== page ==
To make accessible Microsoft Word documents, click or tab to each of the following sections and expand them for the details.
Run the Accessibility Checker
Most versions of Microsoft Word starting with version 2010 for Windows includes a built-in accessibility checker. Microsoft Word for Mac version 2011 does not have the accessibility checker, but newer versions of the product do.
NOTE: To run the Accessibility Checker, the document MUST be saved in the latest .docx format. It will not check a .doc (Word 97-2003) formatted document.
To check for accessibility on Microsoft Word 2010 for Windows and above:
- Click File > Info menu.
- Click the Check for Issues button and in the drop down menu select Check Accessibility.
- When the Accessibility Checker task pane appears next to the content, it will show the inspection results.
- Click on each issue and work through each one. There will be information below the results to assist in checking the issues.
To check accessibility on Microsoft Word for Mac:
- Click Review menu and click the Check Accessibility button.
Use Alternative Text with Visual Content and Tables
Every image, SmartArt graphic, shape, chart, and table on a document need to have Alternative Text associated with them. This allows the screen readers to give a description of that object. The alternative text should clearly identify the item without being too long or too short.
To add alternative text to object in Word:
- Right-click the object.
- Go to the Properties of the Object or Table.
- Select Alt Text property.
- Type a description and a title.
Use Meaningful Hyperlink Text and Screen Tips
When adding a Hyperlink in a Word document, make sure the link text is reflective of what the link refers to.
To add a Hyperlink:
- Select text that you want to be the hyperlink and then right-click.
- Select Hyperlink from the drop-down list.
- Review and/or modify the description for the hyperlink in the Text to display box.
- In the Address box, enter the destination address for the hyperlink.
- Click the Screen Tip button to enter a screen tip that will be seen when a mouse goes over the link.
Screen Shot from Windows version:
Screen Shot from Mac version:
Use More Than Color to Convey Meaning
If there is a certain color coding for text in the document, use symbols along with colors to indicate the meaning of the color. For instance, if green indicates "success", then use a check mark along with the green. If red indicates "failure", then use an "X" along with the red. It is also possible to add graphics along with Alt Text to indicate these meanings.
Use Sufficient Contrast for All Visual Content, Text, and Backgrounds
Typical contrast ratio for accessibility is 7:1. Use text colors, background colors, and graphics that maintain this ratio.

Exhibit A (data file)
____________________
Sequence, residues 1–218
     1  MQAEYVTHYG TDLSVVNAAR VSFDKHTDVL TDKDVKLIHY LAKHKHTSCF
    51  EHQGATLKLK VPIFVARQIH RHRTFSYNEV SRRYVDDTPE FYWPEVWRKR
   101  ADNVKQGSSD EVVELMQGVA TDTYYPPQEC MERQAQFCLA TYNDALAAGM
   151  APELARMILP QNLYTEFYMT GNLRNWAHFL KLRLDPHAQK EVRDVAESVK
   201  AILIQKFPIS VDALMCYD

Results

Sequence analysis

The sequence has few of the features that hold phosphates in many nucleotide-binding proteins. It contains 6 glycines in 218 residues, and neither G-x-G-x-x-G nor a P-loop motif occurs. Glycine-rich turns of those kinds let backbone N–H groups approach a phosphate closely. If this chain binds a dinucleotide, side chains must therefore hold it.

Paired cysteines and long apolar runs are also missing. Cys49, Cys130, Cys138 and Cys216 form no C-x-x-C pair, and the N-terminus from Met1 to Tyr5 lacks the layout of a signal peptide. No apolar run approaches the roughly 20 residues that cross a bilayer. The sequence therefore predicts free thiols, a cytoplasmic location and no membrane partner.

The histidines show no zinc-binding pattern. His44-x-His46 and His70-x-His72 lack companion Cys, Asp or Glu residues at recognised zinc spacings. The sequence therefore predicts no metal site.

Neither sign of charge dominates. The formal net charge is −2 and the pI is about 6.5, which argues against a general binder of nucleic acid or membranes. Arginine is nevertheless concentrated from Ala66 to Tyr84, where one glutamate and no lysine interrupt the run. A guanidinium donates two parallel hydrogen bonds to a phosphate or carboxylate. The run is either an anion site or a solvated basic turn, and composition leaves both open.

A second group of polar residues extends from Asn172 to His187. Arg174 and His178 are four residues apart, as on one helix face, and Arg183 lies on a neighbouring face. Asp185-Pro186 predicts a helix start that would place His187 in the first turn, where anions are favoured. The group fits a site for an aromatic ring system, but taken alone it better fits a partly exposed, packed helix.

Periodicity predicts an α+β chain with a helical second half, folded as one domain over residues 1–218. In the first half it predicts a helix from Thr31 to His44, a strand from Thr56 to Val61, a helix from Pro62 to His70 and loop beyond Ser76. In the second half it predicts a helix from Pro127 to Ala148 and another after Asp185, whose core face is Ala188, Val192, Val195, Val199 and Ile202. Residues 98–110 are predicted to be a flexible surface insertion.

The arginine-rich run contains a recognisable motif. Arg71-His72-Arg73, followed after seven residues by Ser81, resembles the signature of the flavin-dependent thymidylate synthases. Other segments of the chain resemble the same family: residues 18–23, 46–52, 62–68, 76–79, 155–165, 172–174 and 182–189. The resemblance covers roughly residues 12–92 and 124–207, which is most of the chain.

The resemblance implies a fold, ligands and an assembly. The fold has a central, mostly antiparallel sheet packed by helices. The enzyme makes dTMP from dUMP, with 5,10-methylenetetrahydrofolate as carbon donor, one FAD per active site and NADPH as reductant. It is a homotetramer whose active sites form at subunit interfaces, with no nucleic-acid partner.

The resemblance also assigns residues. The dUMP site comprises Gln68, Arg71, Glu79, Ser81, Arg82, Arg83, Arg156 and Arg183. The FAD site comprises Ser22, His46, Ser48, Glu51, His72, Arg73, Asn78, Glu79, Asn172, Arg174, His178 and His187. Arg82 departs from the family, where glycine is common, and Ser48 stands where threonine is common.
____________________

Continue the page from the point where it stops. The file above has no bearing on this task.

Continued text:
For text, it is recommended to format font colors using Automatic. It is also recommended to stay within the Theme colors for best color choice.
There is a tool called Colour Contrast Analyser that will help to determine ratios between two colors.
Use Built-In Headings and Styles
To ensure proper headings in the Word document, use the built-in Headings and Styles provided. These styles are pre-coded to align to the H1, H2, H3, etc. heading tags for web pages and allow screen readers to organize the headings. The styles themselves can be edited per document or saved as a global default setting.
To choose a style, pick from the list displayed under the Home tab.
To edit a style in Windows, right-click the style and click Modify. On a Mac, under Styles, click the Manage the styles that are used in the document.
Use Bulleted or Numbered Lists
When there is a list of items to display in the document, use bulleted or numbered lists. Screen readers are able to understand how the content is organized and how many items are in the list.
To use bulleted or numbered lists, list all of the items in the document. Select the text of all of the lines and then click either bulleted or numbered list from the Paragraph tab.
Text and Paragraph Spacing
Keep all text left aligned. Text should have adequate "white space" to improve overall readability.
Paragraphs should be distinguishable with "white space" between each other.
Use Simple Table Structures and Specify Header Information
Tables should be used sparingly for accessible documents. Try to keep the table structure as simple as possible and if there a complex structure, break it down into smaller simple tables. Make sure there is a header row for each column and do not use merged cells in the tables. Use the Table Tools to edit the table options.